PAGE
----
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|by Michael Grose|
There is no doubt that raising children can really test even the strongest relationships. Partners frequently have different standards of behavior and expectations for their children that can be the cause of considerable tension. In particular, variations in approaches to handling misbehavior can be the source of discomfort and anxiety for one or both parents, especially if the variation is significant.
If one partner believes in the old adage 'spare the rod and spoil the child' while the other parent prefers to reason with children when they misbehave there is likely to be conflict -or else one partner may give in to the other.
These differences are often difficult to resolve as they generally result from deeply held beliefs about how children should be raised. They also probably reflect the type of child-rearing that parents experienced in their own families. The pull from the past are very hard to ignore.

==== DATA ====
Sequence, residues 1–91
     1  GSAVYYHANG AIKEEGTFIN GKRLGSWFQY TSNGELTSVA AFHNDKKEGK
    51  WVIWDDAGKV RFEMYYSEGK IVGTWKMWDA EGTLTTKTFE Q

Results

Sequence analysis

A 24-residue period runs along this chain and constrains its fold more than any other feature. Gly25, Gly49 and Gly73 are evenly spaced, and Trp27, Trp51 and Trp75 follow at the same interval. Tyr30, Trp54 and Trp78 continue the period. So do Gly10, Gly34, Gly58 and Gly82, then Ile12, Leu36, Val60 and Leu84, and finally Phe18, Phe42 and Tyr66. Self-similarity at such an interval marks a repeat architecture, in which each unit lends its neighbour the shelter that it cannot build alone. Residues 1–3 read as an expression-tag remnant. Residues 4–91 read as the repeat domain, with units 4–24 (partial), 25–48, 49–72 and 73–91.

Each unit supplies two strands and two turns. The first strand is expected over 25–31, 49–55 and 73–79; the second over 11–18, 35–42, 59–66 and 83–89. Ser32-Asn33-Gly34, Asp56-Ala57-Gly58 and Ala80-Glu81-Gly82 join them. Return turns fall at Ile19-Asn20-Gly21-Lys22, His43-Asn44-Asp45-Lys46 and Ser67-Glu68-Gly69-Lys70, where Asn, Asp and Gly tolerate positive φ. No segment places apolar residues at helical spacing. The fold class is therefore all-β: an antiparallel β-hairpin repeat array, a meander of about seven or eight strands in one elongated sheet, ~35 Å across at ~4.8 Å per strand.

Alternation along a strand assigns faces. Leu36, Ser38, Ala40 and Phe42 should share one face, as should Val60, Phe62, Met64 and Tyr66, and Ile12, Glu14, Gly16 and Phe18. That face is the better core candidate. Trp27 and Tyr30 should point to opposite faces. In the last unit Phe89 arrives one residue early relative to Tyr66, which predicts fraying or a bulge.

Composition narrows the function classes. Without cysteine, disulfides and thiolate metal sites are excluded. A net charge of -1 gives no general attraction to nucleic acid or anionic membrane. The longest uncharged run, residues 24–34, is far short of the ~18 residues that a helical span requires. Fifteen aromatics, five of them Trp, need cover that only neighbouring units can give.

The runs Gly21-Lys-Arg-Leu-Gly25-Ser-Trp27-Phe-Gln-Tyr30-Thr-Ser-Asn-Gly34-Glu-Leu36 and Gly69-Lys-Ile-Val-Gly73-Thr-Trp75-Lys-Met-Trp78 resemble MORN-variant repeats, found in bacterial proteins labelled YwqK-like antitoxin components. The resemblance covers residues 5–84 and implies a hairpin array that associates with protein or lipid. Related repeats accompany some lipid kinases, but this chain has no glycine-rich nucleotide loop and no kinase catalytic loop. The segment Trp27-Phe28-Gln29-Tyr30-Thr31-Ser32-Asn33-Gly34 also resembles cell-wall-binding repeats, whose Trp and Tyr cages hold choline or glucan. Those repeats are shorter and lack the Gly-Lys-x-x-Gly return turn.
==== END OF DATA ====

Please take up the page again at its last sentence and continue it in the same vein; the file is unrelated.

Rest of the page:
But despite the potential for conflict parental differences are healthy and provide a sense of balance to family life, particularly if one parent's approach complements the other.
They certainly tend to concern parents more than children who are usually quick to work out the differences in approaches from a young age. Most children know which parent to ask for an increase in pocket money and who to stay away from at bed-time. The important issue is how the differences are handled by both partners.
Working out the differences requires open communication between parents as well as a willingness to accommodate the other person's point of view and way of doing things. This is hard as many people devote an enormous amount of time and energy trying to make their partners think and act more like them.
While it may be desirable for both parents to have the same approach, this is difficult to achieve. It is more important to be consistent with your own parenting so that children can predict your reactions to their behavior, understand your standards and feel comfortable with you as a person.
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